Just as the Baton Rouge Zoo was gearing up to announce a public voting campaign to name the 21st giraffe born on the premises, that newborn’s brother Burreaux — named in homage to LSU Heisman recipient Joe Burrow — came down with a strange cough. The 20-month-old giraffe died 24 hours later.
The public was told the next day that Burreaux died Sept. 7 from a mysterious acute respiratory illness.
In the week that followed, unanswered questions surrounding his death elicited concerns from visitors. Some thought the giraffe had somehow caught a fatal case of coronavirus.
Emails The Advocate requested among officials at the zoo and the top administrator with the city-parish’s parks and recreation system reveal that zoo employees were asked by guests if Burreaux’s mysterious death meant animals there could contract COVID. The emails also provide behind-the-scenes insight into the final moments of the beloved giraffe’s life and how zoo administrators were worried his death would trigger negative perceptions from the public.
Burreaux ended up testing negative for coronavirus, but zoo officials still don’t know the exact cause of his death. Those answers will come within a few weeks once they have the results from a necropsy.
Burreaux, a beloved giraffe at the Baton Rouge Zoo, has died.
“At our facility, we have no COVID-positive animals,” said Dr. Michael Warshaw, the zoo’s resident veterinarian. “I can’t speak to other facilities and what other zoos are dealing with. At the time, we had no evidence giraffes were a susceptible species. But we do know he did not have COVID.”
Warshaw went on to say the zoo’s staff are “extremely” attentive to the health of the remaining three giraffes given the lingering questions about Burreaux’s death.
“We’re just keeping a close eye on everyone,” he said.
Burreaux was a popular attraction at the zoo, so much so that guests in the past had even climbed into his enclosure to take selfies with the giraffe.
Zookeepers noted Burreaux started exhibiting an irregular cough the afternoon of Sept. 6, according to a detailed narrative Warshaw emailed Jim Fleshman, the zoo’s deputy director, around 8 a.m. Sept. 8.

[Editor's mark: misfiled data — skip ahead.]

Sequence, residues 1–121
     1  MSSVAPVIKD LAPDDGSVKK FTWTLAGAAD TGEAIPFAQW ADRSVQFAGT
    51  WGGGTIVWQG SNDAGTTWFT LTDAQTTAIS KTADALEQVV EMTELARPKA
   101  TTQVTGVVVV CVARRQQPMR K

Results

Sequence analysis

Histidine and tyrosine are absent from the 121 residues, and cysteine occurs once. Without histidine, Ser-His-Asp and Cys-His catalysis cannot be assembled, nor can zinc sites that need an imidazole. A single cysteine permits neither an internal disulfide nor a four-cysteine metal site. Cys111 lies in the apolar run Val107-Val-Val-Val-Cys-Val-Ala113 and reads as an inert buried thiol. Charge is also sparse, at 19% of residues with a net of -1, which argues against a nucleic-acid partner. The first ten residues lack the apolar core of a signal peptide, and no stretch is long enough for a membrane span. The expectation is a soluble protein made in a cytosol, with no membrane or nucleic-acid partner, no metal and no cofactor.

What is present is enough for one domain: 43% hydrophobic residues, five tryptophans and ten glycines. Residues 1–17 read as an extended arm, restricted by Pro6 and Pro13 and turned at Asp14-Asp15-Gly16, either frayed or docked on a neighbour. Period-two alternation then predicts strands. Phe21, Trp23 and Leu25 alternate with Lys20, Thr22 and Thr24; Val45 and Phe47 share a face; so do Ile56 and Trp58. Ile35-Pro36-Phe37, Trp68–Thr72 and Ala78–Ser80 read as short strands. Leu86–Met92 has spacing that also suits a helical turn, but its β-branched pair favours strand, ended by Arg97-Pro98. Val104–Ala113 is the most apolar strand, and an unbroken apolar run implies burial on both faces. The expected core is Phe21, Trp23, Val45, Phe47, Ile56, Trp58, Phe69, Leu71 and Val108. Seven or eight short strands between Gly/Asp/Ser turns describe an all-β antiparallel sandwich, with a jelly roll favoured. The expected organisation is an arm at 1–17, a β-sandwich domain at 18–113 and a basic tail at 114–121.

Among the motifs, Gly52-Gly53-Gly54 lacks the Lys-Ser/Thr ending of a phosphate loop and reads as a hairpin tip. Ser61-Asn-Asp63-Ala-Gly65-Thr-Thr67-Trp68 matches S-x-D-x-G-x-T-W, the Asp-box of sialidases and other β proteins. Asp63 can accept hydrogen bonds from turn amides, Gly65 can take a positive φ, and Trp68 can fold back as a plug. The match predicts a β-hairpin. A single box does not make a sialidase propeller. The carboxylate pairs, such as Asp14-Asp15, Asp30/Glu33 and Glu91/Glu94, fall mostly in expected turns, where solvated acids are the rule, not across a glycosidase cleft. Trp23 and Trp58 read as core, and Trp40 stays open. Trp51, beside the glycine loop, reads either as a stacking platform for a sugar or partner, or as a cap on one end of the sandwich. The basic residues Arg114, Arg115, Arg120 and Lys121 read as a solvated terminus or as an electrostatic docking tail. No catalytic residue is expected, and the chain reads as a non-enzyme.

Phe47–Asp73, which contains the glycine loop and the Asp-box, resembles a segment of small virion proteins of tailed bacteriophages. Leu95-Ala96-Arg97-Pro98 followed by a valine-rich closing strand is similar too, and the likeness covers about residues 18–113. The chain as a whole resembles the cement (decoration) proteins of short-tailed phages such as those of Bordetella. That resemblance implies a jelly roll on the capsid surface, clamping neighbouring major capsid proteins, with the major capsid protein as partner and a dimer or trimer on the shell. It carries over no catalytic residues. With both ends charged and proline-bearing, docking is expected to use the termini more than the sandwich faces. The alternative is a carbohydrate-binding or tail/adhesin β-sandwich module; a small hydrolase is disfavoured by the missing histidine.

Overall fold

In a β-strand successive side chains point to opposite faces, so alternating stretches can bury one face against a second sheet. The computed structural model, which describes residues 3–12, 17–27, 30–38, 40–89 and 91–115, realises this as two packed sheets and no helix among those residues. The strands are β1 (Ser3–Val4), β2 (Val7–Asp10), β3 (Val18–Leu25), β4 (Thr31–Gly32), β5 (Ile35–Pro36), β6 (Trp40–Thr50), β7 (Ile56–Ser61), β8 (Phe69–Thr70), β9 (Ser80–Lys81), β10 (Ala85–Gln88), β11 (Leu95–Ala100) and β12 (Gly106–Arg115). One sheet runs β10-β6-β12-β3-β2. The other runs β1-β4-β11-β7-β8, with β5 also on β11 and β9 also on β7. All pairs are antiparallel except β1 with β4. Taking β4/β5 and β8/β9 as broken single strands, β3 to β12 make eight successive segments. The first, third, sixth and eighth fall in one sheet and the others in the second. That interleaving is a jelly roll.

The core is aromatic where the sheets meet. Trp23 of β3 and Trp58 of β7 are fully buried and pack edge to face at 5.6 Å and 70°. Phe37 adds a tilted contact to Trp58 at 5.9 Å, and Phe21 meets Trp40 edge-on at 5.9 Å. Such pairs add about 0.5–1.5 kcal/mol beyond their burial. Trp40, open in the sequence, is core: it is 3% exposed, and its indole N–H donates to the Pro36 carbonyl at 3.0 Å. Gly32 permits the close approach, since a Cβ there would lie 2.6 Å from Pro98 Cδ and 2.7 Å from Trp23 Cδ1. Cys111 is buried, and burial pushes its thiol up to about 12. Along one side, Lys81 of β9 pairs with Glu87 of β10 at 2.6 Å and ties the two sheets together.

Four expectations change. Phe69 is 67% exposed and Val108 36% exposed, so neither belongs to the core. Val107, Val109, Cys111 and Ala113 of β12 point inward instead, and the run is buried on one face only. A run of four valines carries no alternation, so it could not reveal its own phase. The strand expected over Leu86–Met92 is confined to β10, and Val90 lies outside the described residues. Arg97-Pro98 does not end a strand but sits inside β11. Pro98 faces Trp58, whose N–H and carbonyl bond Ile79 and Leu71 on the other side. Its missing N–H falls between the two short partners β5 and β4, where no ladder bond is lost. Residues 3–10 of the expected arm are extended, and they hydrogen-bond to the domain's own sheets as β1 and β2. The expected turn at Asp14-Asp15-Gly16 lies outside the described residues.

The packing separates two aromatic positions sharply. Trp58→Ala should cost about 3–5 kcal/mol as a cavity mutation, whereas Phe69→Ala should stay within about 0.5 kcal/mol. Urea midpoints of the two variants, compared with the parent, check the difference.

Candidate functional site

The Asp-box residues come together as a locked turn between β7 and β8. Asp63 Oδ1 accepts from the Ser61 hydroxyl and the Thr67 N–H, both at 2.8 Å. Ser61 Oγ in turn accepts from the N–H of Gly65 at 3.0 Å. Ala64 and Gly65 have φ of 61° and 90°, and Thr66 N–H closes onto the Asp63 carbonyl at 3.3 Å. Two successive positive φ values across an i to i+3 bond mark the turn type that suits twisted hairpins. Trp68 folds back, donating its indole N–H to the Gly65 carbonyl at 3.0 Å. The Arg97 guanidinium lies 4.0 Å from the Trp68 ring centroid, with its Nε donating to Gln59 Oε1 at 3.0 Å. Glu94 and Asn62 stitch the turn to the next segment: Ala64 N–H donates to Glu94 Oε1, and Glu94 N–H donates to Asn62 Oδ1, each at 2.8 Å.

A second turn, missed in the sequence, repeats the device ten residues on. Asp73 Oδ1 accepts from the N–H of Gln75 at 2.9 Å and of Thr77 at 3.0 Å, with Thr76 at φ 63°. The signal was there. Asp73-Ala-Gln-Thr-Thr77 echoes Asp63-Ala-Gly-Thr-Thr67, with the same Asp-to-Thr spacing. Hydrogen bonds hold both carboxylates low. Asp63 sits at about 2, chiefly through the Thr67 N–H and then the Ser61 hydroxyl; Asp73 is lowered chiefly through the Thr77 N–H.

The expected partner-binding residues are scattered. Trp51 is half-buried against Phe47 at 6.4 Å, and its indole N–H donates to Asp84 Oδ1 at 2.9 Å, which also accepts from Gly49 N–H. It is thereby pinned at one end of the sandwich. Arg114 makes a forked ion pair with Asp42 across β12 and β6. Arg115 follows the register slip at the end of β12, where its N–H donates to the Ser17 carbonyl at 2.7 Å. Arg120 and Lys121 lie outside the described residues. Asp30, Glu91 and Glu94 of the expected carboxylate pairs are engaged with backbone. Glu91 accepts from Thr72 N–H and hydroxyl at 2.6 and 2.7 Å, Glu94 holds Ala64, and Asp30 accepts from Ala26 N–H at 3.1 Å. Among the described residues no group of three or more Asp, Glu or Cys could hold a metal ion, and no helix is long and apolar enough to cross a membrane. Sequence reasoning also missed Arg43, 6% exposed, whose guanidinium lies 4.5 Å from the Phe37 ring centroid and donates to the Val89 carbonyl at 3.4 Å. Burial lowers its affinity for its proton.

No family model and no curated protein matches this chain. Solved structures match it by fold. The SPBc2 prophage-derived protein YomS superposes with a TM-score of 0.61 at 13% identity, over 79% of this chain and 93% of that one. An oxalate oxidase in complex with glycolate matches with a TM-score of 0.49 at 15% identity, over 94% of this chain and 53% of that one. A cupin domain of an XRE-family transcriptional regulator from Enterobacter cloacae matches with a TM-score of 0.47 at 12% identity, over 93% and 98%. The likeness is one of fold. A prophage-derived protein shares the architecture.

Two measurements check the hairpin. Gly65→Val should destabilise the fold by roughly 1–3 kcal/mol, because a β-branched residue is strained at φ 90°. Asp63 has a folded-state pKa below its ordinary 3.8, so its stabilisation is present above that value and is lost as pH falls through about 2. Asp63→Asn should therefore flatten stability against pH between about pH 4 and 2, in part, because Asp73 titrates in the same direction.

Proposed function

BREC’s Baton Rouge Zoo visitors can’t seem to get enough of Burreaux, the young giraffe. Lately, some of that interest has crossed a line.
According to Warshaw’s account chronicling the giraffe’s finial moments, Burreaux was given a “broad spectrum antibiotic” and anti-inflammatory the following morning after keepers noticed he was agitated, his cough had worsened, he was heavily salivating and had a drooping head and neck.
Zoo staff began consulting with numerous veterinarians across the country and at LSU’s School of Veterinary Medicine around 10 a.m. Sept. 7 and were advised to also treat Burreaux with a muscle relaxant-spasmolytic drug with oxytocin in case the giraffe had ingested something that was blocking his esophagus.
Burreaux was observed being calmer about an hour later, but was still coughing.
When there wasn’t any overall change in his condition at 1 p.m. Sept. 7, the zoo’s staff were preparing to immobilize Burreaux through anesthesia the next morning so they could treat him more intensively.
At 4 p.m., zookeepers said Burreaux was still alert and responding normally to sounds but that his sickly condition was “unchanged.”
Burreaux collapsed at 11:55 p.m. Sept. 7.
Warshaw wrote that he rushed to the zoo but Burreaux had died by the time he got there.
The emails show that chatter among higher ups at the zoo and BREC quickly shifted around how to announce Burreaux’s death to the public.
Spotted in Baton Rouge: a baby giraffe.